All the universities globally tackle the issue of cultural diversity as multicultural education mainly in higher institutions tend to focus on the weakest assumptions in the issue of cultural diversities leading to tolerance and local harmony (Meier & Hartell 2009:182). With the issue of cultural diversities in universities the institutions world-wide have advised approaches that are innovative with regard to teaching a cultural diverse students. Nelson (1996) and Ofori-Dankwa and Lane (2000) speculate the ideas or approaches to cultural diversity that may accommodate all students within the institution, one of the approaches include cultural brochure projects which will be beneficial to students while studying and adapting to the culture within the new environment. Nelson (1996) suggested an approach that worked on his study and research within universities as he lectured one, he states that students who for example are migrants or international are regarded as non-traditional students within the institution and the minority were unsuccessful based on their performances in traditionally taught courses. Nelson (1996) used an approach where he required students to write in English in order to arrive to a solution and that improved some of their poor performances.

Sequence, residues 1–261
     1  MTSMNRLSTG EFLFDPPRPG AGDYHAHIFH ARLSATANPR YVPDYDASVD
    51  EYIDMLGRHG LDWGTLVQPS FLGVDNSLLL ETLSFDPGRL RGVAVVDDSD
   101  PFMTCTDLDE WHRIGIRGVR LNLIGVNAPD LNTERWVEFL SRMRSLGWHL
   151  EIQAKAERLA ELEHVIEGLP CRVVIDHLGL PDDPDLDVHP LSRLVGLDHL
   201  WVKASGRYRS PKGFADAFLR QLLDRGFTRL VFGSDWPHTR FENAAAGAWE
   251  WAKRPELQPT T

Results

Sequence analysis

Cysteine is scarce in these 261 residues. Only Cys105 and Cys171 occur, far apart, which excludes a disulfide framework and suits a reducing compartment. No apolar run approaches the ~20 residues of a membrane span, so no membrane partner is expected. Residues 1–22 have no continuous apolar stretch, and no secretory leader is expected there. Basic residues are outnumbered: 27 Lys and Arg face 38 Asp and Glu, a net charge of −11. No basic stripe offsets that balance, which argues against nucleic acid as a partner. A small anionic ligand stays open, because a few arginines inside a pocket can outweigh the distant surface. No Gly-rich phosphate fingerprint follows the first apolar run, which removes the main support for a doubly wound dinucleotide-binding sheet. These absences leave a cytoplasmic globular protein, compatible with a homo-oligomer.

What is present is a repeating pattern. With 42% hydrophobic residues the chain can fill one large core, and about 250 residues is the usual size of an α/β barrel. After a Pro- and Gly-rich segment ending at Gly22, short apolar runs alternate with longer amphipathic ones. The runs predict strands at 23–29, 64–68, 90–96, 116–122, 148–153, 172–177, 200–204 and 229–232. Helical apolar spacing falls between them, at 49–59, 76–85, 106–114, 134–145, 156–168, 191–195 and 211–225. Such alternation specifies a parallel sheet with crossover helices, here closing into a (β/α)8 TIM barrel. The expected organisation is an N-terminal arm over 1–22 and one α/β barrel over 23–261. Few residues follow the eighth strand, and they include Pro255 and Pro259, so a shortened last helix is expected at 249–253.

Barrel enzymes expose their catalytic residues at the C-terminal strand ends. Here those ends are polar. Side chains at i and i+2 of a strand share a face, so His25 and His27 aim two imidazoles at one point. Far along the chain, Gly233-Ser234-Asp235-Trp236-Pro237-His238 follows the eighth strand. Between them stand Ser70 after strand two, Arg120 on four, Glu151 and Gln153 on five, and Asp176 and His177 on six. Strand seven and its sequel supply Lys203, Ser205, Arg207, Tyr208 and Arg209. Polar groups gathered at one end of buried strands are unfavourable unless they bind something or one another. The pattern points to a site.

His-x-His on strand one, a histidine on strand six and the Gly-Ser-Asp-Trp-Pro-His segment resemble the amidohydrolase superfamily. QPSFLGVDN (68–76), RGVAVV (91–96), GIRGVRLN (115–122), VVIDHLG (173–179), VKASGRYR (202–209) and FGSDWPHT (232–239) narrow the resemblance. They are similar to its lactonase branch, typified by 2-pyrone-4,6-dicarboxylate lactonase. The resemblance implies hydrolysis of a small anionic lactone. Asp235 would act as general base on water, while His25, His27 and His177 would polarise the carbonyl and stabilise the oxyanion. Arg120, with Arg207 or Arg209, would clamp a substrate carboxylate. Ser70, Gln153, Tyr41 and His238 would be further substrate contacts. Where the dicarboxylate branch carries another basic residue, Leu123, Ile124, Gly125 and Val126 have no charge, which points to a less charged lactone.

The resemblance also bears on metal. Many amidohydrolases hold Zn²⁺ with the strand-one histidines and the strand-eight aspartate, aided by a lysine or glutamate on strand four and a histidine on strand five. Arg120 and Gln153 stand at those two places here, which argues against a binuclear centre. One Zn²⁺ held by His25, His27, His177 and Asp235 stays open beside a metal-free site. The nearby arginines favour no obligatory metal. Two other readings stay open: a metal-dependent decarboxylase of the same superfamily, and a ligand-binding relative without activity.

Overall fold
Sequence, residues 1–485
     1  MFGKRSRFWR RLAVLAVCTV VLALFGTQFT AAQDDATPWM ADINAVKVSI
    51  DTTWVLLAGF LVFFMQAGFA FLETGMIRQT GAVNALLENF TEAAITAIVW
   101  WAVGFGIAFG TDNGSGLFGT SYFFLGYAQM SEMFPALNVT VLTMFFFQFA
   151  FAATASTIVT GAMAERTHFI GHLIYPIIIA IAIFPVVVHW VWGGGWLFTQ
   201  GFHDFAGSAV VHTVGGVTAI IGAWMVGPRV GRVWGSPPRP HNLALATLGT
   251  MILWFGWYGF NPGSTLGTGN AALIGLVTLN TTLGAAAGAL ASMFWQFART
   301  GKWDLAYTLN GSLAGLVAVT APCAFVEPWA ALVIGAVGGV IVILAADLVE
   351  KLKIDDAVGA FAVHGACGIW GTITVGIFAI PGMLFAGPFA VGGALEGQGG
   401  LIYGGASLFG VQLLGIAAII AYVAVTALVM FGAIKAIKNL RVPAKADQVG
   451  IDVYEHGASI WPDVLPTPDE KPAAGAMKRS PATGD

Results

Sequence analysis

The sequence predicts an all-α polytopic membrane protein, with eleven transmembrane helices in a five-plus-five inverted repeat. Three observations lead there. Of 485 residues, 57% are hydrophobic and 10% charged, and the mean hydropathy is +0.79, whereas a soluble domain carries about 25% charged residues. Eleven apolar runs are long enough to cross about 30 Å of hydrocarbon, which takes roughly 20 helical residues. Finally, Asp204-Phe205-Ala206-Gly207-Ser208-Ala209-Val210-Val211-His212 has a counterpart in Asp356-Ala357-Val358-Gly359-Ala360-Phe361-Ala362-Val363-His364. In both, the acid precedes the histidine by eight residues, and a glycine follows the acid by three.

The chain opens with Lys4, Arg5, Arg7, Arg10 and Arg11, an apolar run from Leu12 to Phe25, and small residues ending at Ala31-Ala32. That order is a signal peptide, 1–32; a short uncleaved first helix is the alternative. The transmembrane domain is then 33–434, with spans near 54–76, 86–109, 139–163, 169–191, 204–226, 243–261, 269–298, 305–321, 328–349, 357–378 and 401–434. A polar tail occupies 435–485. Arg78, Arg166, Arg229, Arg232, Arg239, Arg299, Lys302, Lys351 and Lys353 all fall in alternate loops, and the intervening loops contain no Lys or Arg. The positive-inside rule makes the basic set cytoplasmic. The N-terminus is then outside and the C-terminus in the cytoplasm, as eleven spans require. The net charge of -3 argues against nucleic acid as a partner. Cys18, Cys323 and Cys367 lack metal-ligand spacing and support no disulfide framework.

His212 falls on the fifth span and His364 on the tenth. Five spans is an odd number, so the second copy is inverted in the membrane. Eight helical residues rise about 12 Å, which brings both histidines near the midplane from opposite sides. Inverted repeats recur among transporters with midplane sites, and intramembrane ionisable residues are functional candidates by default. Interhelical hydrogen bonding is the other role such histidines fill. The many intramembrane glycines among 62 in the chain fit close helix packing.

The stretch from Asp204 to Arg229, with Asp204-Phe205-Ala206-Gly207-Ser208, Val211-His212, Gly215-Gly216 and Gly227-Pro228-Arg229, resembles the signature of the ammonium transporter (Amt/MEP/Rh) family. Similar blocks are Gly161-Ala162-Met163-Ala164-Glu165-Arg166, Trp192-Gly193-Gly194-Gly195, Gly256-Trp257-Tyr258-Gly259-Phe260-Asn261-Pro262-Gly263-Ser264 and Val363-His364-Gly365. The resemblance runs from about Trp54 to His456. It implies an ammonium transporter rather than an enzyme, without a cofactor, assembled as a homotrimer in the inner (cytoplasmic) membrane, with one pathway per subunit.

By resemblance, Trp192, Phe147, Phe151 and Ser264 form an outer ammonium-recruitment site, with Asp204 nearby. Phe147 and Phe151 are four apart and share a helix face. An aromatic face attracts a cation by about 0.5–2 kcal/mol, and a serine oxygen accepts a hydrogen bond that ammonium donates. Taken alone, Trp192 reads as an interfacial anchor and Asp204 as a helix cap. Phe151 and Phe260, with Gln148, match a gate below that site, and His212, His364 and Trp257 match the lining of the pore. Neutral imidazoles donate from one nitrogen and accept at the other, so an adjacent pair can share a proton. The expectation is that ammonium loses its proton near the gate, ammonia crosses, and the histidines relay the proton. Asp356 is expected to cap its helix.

When students move from high schools to higher institutions they have to adapt to the new environment, new culture and new people. With the diversity within universities it is mainly difficult, Ofori-Dankwa and Lane (2000) suggested on their research that the approach of employing what they referred to as ‘diversimilarity’ which implies and focuses on involving students to the similarities and differences of cultures in order for them to get an understanding of the wider cultural range in their institution. Higher institutions such as universities have different cultures, these may include languages, music, entertainment and arts which are difficult to adapt to. According to Ogbu (1992:8) the change of space of which he referred to as a ‘socio-spatial dialectic’ moving to new environment with multicultural diversity may lead to acculturation which involves adapting to new cultures for example new languages, arts and complex curriculum learning.